McEntee hosts virtual National Missing Persons Day event
Justice Minister Helen McEntee hosted an online commemorative ceremony this morning to mark the ninth annual national Missing Persons Day.
National Missing Persons Day is an all-Ireland day of commemoration, providing an opportunity for family members and friends of missing persons to remember their loved ones and to appeal to the public for any information that might be of assistance to An Garda Síochána.
Ms McEntee said: “While it saddens me greatly that another year has passed and we are not able to come together safely in person on this important day, I know that Missing Persons Day provides families and friends affected by the ambiguous loss of a loved one with comfort, hope and a sense of unity, no matter what the setting.
“National Missing Persons Day provides an important platform to raise awareness of Ireland’s missing men, women and children. But it is also about ensuring that Ireland’s missing people are never forgotten.
“I would like to encourage people who may have information about one of our missing people to come forward. Any information, even if it appears insignificant or irrelevant, has the potential to be important and valuable to both those investigating the disappearance of our missing persons, and the families and friends of missing persons.
“I also want to encourage close family relatives of missing people who have yet to do so to provide a DNA sample for uploading to our national DNA database. The collection and subsequent matching of DNA samples from this database represents a key turning point in the identification of human remains in Ireland and has provided much longed-for closure for an increasing number of families.”
To mark national Missing Persons Day, an intimate, in-person ceremony is held each year, featuring spoken contributions from affected families, in addition to speeches from the Minister, the Garda Commissioner, and a number of other state or voluntary organisations.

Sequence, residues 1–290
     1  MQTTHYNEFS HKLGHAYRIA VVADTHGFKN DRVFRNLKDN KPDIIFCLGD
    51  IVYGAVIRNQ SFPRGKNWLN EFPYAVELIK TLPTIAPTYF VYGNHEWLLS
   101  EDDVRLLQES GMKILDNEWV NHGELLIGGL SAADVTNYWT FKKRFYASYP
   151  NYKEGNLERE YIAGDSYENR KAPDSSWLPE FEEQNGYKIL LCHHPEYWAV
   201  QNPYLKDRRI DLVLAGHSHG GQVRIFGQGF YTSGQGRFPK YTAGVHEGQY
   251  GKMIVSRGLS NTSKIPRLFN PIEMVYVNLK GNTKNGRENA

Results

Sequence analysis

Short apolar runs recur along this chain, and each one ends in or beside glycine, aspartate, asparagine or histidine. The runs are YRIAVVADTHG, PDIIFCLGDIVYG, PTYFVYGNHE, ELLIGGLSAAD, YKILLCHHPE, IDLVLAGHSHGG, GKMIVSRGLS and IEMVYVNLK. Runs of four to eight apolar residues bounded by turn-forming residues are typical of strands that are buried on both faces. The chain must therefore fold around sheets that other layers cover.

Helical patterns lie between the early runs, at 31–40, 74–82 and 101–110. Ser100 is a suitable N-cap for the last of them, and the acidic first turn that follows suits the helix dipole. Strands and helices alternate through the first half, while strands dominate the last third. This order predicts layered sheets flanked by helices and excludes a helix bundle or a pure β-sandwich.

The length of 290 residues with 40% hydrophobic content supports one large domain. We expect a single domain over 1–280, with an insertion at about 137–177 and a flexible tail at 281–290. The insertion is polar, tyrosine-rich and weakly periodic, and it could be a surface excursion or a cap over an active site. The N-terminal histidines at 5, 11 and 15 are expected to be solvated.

However, as a result of the pandemic, this year’s Missing Persons Day was marked by an online commemorative ceremony. This year’s ceremony is again compered by Barry Cummins Covid will also feature contributions from representatives of the Coroner Service and the Irish Coast Guard.
Addressing a number of recent positive developments in the justice sector, Ms McEntee said: “In June this year, Minister Humphreys wrote to each coroner in the State, requesting that they send my Department details of all unidentified human remains within their coronial districts. 35 of 38 coroners have now submitted these returns, which are being collated by departmental officials and will be shared with the Missing Persons Unit at the Garda National Protective Services Bureau for analysis.
“From 2022 onwards, coroners will be asked to include details of any unidentified human remains reported to them in the preceding year, as part of a new statutory annual return to myself, as Minister for Justice. My Department will provide an ongoing annual update on any new cases to the Missing Persons Unit to enable Gardaí to follow up with the individual coroners.”
She concluded: “Finally, I would like to thank all the families who will join us virtually this morning. National Missing Persons Day is first and foremost about the families and close friends of our missing people. This is a day to commemorate your missing loved ones and, today, we remember them with you.”